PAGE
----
The main differences between a JMP instruction and a CALL instruction is as follows –
If a JMP instruction is executed, we jump to the destination location, and the execution carries on from there, without bothering to come back later to the instruction after the JMP. On the other hand, if a CALL instruction is executed, we jump to the subroutine, and the execution carries on from there till the RET instruction is executed in the subroutine, and then we come back to the instruction after the CALL in the main program.
The address of the next instruction after the CALL instruction is called the return address. This is the address to which the program flow returns when the RET instruction is executed by the 8085. By the time the 8085 fetches the call instruction, the PC would have been incremented by 3, and will be pointing to the next instruction after call. In other words, PC will have the return address by the time the call instruction is fetched.
In order to facilitate such a return, the CALL instruction will first of all store above the top of stack, the return address. Only then the branch to the subroutine takes place.
We are having different types of conditional and unconditional JUMP instructions in 8085. Here are the details –
In 8085 Instruction set, there are a set of jump instructions, which can transfer program control to a certain memory location. So after these branching mnemonics we shall have to mention 16-bit target address of the location. These jump instructions can be divided into two categories –
Unconditional jump instructions and
Conditional jump instructions
Under unconditional jump instructions there is only one mnemonic i.e. JUMP. But under conditional Jump instructions we are having 8 different mnemonics. We know that there are 5 flag bits in 8085 Flag register. They are S, Z, P, Cy, AC. Out of them only on AC flag bit, there is no jump instruction. But for rest 4 flag bits, we are having 8 conditional jump instructions depending upon their 1 or 0 i.e. TRUE and FALSE values respectively. Here is the list of all branching instructions in the following table –
|Mnemonics, Operand ||Opcode (in HEX)||Bytes|
The following table shows the list of Branching instructions with their meanings.
|JMP||16-bit address||Jump unconditionally||The program sequence is transferred to the memory address given in the operand.|
|16-bit address||Jump conditionally||The program sequence is transferred to the memory address given in the operand based on the specified flag of the PSW.|
The main purpose and usage of CALL instruction has been depicted below –
Some times in 8085 assembly language coding, we require to repeat a certain program segment for multiple times. In those situations, we can define sub-routines. In those subroutines we can enclose our repeatedly reusable Instruction set or code. And then as when required we shall call those sub-routines accordingly. Sub-routines can also be called as procedures.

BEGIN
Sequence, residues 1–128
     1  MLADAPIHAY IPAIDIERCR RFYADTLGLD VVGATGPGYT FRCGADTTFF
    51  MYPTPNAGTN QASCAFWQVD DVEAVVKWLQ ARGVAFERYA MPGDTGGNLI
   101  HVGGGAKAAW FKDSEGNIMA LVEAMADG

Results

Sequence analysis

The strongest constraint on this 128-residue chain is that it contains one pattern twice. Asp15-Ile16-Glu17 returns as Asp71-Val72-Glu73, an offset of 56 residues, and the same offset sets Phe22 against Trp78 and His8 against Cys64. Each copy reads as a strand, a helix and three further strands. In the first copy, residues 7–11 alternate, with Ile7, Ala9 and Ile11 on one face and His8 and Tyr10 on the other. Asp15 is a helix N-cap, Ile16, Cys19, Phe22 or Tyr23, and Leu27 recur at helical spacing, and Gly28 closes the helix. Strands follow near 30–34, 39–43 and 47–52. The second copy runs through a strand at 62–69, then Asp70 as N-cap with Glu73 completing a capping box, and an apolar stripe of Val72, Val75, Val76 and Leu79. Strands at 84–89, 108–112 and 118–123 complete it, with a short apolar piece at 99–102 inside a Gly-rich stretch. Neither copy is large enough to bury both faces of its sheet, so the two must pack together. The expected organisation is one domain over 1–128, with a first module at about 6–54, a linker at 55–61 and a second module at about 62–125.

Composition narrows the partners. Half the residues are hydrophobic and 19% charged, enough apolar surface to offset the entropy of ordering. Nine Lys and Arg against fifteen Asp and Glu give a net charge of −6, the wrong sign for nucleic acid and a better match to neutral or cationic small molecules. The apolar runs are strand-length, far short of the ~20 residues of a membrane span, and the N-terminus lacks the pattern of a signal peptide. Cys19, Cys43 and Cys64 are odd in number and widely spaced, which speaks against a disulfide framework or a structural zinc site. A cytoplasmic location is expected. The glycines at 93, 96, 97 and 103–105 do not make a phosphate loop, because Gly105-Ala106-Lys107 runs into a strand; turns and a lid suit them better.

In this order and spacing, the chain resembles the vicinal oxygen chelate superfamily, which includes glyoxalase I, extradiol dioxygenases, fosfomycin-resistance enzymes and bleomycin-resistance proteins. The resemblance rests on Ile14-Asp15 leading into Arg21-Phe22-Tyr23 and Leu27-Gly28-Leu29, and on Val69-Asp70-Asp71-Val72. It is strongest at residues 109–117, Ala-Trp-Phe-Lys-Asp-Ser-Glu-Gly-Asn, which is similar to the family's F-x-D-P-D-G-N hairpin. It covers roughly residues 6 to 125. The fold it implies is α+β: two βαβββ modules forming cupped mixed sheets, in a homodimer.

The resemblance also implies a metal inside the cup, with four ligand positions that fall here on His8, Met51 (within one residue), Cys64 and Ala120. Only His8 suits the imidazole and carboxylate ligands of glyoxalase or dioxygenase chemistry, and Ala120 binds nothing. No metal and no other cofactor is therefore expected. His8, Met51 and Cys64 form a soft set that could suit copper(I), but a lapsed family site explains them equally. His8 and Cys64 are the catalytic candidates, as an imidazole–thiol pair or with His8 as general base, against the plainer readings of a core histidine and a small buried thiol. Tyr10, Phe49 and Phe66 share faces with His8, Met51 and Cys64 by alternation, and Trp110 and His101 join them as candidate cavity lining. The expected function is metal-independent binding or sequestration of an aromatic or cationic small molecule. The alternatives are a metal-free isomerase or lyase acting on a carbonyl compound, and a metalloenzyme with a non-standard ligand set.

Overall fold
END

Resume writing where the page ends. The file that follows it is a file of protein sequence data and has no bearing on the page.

Whenever the instructions in a subroutine are required to be executed, we branch program control to the subroutine using the CALL instruction. CALL is a 3-Byte instruction, with 1 Byte for the opcode, and 2 Bytes for the address of subroutine. CALL mnemonics stands for “call a subroutine”. After executing the instructions written in the subroutine we shall want to return control to the next instruction written after the CALL instruction then we shall use mnemonic RET. Here RET stands for RETurn from subroutine. RET is a 1-Byte instruction. In the following table we have mentioned Opcode and Byte count for CALL and RET instructions –
|Mnemonics, Operand ||Opcode (in HEX)||Bytes|
Let us consider the following sample code for better explanation –
|2000||31||LXI SP, 5000H||SP ← 5000H. Initializing the SP|
|2001||00||Low order Byte of the address|
|2002||50||High order Byte of the address|
|2003||3E||MVI A, 00H||A ← 00H, Initializing the Accumulator|
|2004||00||00H as operand|
|2005||06||MVI B, 01H||B ← 01H|
|2006||01||01H as operand|
|2007||0E||MVI C, 02H||C ← 02H|
|2008||02||02H as operand|
|2009||16||MVI D, 03H||D ← 03H|
|200A||03||03H as operand|
|200B||CD||CALL 2013H||Calling the sub routine at address 2013H. So now the control of the program will be transferred to the location 2013H. And the return address 200EH i.e. address of the next instruction will be pushed on the top of the stack. As a result 4FFFH (SP – 1) will contain 20H and 4FFEH (SP – 2) will contain 0EH respectively .|
|200C||13||Low order Byte of the address|
|200D||20||High order Byte of the address|
|200E||21||LXI H, 4050H||HL ← 4050H, Initializing the HL register pair. After execution of the RET instruction, control will come back to this instruction. 4050H will have the value 06H, i.e. the final sum of 01H + 02H + 03H = 06H|
|200F||50||Low order Byte of the address|
|2010||40||High order Byte of the address|
|2011||77||MOV M, A||M ← A, Content of the Accumulator will be transferred to the memory location 4050H as it is pointed by HL register pair|
|2012||76||HLT||End of the program.|
|2013||80||ADD B||A ← A + B|
|2014||81||ADD C||A ← A + C|
|2015||82||ADD D||A ← A + D|
|2016||C9||RET||Return the control to the address 200EH. Return address 200EH will be popped out from the top of the stack. So from address 4FFEH, 0EH will be popped and from address 4FFFH 20H will be popped and SP will get the initial address 5000H back as its content accordingly.|
The timing diagram against this instruction CALL 2013H execution is as follows –
Summary: So this instruction CALL requires 3-Bytes, 5-Machine Cycles (Opcode Fetch, Memory Read, Memory Read, Memory Write, Memory Write) and 18 T-States for execution as shown in the timing diagram.
The timing diagram against this instruction RET execution is as follows –
Summary: So this instruction RET requires 1-Byte, 5-Machine Cycles (Opcode Fetch, Memory Read, Memory Read) and 10 T-States for execution as shown in the timing diagram.